Wednesday 31 August 2011

The torture tour of Glasgow

Appropriate training for a 24-hour race is a wide open to debate. As with all ultra-running training it's very much a personal thing. It's not as if you can google a tried and tested training schedule, download it, stick it on your fridge and get cracking. Believe me, I tried it. My three back-to-back long runs plan came from some random forum on some random website about some random guy who had run some random 24-hour race. To me it seemed like a good idea, so I pinched it. I don't even think I read anymore of the discussion on the matter. That was weekend training part one.

Weekend training part two was a plan devised in my own crazy thoughts. I may have mentioned it once or twice before, but I don't like surprises. Ignorance is never blissful. So I thought it would be a good idea (remember it's personal thing) to schedule in a 24-hour WALK. I ran this idea passed a few people. Everyone seemed intrigued, but no one said it seemed logical. Team selector and uber experienced ultra-runner Adrian Stott, even called on the guidance of William Sichel for his thoughts. He said it wasn't necessary, but could see my reasoning. There was a lot of chat on the damage that it could cause to my heels, which I didn't take as serious as I should have.

The original plan was to take the ferry over and walk around the Isle of Arran (55 miles) with the GM - who's also on the team for the 24-hour race. But then the GM got injured and that was knocked on the head. Unfortunately it wasn't knocked out of my head. A plan's a plan. Although without my trusty sidekick, a nice scenic route and the sense of achievement, I started to back track a little. I wasn't brave enough to walk round the island alone and I certainly wasn't comfortable with trawling the streets of Glasgow on my tod in the wee small hours.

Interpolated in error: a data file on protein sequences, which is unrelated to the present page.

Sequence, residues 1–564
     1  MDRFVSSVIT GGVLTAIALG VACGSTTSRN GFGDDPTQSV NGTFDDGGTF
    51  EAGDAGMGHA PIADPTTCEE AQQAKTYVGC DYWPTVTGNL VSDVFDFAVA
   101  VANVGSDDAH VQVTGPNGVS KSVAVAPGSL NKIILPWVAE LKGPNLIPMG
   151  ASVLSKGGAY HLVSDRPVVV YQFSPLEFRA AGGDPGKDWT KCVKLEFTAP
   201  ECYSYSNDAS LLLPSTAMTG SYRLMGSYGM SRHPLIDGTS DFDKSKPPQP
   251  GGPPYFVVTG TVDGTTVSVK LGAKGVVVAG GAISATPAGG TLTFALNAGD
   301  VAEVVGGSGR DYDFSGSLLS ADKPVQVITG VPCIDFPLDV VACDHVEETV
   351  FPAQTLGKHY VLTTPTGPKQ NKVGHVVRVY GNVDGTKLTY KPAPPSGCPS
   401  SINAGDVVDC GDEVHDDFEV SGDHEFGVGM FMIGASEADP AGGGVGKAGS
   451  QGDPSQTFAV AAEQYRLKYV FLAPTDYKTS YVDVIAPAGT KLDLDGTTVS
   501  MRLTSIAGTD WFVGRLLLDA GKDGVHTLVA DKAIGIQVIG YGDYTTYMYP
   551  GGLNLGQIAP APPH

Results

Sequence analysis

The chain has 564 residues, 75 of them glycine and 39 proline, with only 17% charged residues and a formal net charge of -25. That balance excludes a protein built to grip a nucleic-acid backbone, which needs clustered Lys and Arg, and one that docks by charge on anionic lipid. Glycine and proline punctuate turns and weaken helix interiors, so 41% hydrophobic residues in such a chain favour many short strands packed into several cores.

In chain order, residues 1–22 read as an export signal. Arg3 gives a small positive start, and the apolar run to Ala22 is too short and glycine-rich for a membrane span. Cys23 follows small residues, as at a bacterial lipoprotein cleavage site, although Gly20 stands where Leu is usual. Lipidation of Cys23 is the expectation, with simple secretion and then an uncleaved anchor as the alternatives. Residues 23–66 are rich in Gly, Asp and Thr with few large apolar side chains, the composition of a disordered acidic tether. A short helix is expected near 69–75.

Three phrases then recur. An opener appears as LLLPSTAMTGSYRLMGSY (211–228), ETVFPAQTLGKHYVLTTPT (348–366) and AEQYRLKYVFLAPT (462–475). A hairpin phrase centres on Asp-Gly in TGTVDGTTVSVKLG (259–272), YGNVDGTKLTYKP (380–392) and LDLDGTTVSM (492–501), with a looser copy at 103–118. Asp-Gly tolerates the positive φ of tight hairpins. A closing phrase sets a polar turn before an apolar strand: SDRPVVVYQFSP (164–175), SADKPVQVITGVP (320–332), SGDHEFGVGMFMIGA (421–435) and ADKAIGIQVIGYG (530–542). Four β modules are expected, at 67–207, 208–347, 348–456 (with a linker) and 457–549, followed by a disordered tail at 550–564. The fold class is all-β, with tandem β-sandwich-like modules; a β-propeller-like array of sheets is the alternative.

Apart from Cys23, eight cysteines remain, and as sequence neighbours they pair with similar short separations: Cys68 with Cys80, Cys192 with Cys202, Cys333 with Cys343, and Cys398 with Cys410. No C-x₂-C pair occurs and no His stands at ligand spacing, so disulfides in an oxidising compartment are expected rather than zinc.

So the torture tour started at 6am, just before a beautiful sunrise. I wasn't going to be rigid with plans, times or distances, as I was just going to see how it went. It was all about time of foot. Ok, I was back-tracking a lot.

I won't bore you with the details of where I walked, as I've tried to erase it from my mind, but it started on a loop round Milngavie then covered the west end, southside, out to Braehead, back through the city centre and back round the west end.

Throughout the day, all was going well. Although walking routes you tend to run takes FOREVER. Maybe popping into shops when something caught my eye didn't help. Although it was nice to finally get round to browsing in Run Urban, the new running shop on the southside. Plus it gave me a goal to walk the 23 miles (via the long way) to get there.

After about 30 miles the thunder and heavy rain started. I love running in the rain, but I don't share the same enthusiasm for walking in it. Then my heels started to rub and blister. I generally don't heel strike when I run, so the different walking action was taking it's toll on my feet and hips. And it was helluva lonely out there.

I decided to cap it at 50 miles. The idea of walking into the night - in Glasgow! - was not very appealing. 50 miles or 16:30 hours on foot was a good start. Plus, I helped with the economy. The good thing about urban walking is that you don't need to carry too much in supplies. Just me, my gadgets and some extra clothing. En route I purchased Meal Deals from Tesco and Sainsburys, sweets and juice from Asda, coffee from Costa and to finish off the culinary tour, a pizza from Morrisons. I should be a secret shopper. I had to run for a mile or so to get to Morrisons before it closed. The jogging motion felt soooo good and all the discomforted instantly disappeared. That's a good sign after 16 hours. Although after being on the go for so long, I would highly recommend avoiding the self-checkout tills. It nearly got a good kick.